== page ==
It’s long been known that the president loves to cultivate the tabloid press and has a relationship with David Pecker, chief executive of American Media Inc. (AMI), which owns National Enquirer and many other supermarket periodicals. But a new article in The Washington Post adds many more details to our knowledge of this relationship. “During the presidential campaign, National Enquirer executives sent digital copies of the tabloid’s articles and cover images related to Donald Trump and his political opponents to Trump’s attorney Michael Cohen in advance of publication,” the Post reports. “Although the company strongly denies ever sharing such material before publication, these three individuals say the sharing of material continued after Trump took office.”
Trump and his cronies would, it appears, often tweak the Enquirer’s coverage, in ways small (suggesting alternative photos) and big (advocating story ideas). In particular, Trump encouraged the tabloid in 2016 to cover the health of his opponent Hillary Clinton. In September 2015, the Enquirer ran a story saying Hillary Clinton had six months to live. (Nearly three years later, Clinton still walks the earth).
Of course, since National Enquirer is a purveyor of “fake news” (to use one of Trump’s favorite phrases) it could be argued that the impact of these stories was minimal. But the Enquirer connection is important because it’s a prime example of one of the hallmarks of Trumpism, the tendency to blur the lines between truth and fiction to create an enveloping unreality that hampers criticism of the president.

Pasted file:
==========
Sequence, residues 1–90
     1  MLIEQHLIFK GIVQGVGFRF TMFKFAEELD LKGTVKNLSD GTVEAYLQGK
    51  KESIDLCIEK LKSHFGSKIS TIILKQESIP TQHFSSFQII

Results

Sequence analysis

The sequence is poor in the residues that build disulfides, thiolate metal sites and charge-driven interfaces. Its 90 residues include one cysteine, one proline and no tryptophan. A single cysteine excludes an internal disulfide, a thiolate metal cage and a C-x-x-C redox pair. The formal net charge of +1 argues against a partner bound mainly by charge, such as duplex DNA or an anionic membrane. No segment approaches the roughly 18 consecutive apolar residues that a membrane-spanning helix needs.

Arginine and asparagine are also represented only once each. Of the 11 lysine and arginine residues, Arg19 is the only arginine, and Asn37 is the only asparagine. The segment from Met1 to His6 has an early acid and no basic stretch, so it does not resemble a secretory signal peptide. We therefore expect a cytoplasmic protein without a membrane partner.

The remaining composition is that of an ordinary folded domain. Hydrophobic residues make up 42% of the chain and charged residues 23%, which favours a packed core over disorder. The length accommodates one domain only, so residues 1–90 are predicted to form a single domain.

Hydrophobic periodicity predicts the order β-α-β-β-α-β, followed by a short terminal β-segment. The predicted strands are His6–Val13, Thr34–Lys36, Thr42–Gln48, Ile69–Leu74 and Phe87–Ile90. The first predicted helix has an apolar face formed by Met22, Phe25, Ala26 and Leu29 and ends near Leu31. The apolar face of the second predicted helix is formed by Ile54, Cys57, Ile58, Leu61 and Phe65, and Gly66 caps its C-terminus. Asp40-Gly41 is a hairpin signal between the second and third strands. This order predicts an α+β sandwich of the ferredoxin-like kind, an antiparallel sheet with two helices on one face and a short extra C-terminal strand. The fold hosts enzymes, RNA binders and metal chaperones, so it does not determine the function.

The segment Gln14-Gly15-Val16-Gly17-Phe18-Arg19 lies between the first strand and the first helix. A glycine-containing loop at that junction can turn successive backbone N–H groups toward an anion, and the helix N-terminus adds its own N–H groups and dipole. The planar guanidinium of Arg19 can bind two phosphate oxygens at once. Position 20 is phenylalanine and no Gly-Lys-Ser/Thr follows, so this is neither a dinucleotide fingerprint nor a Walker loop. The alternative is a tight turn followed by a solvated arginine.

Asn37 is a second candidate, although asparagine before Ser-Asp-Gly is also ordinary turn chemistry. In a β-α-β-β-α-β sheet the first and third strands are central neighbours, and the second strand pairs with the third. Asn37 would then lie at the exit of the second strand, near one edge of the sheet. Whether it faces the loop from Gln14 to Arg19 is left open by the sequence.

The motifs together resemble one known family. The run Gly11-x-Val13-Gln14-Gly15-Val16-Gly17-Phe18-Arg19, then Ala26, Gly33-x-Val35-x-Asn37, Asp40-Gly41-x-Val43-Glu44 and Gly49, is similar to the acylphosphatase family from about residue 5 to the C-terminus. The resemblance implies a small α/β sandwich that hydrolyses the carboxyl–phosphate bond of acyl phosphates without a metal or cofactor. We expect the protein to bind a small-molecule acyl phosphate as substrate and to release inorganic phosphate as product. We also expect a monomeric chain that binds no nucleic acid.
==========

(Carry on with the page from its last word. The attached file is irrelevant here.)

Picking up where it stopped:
The Enquirer link is also vital to ongoing investigations into the role Michael Cohen, the president’s former attorney, played in covering up stories. As the Post reports, the FBI is trying to unravel the threads connecting Cohen with AMI, Pecker, and Dylan Howard, the chief content officer of the Enquirer:
An FBI raid executed April 8 on Cohen’s office and residences sought all of the lawyer’s records of communications with AMI, Pecker and Howard regarding two women who claimed to have had affairs with Trump while he was married, according to three people familiar with the investigation. The search warrant served on Cohen also sought all communications he had with Trump or the Trump campaign about any “negative publicity” that might arise during the presidential race, according to a person familiar with investigators’ work. The warrant sought all his communication about an embarrassing “Access Hollywood” tape that surfaced in October 2016, weeks before the election.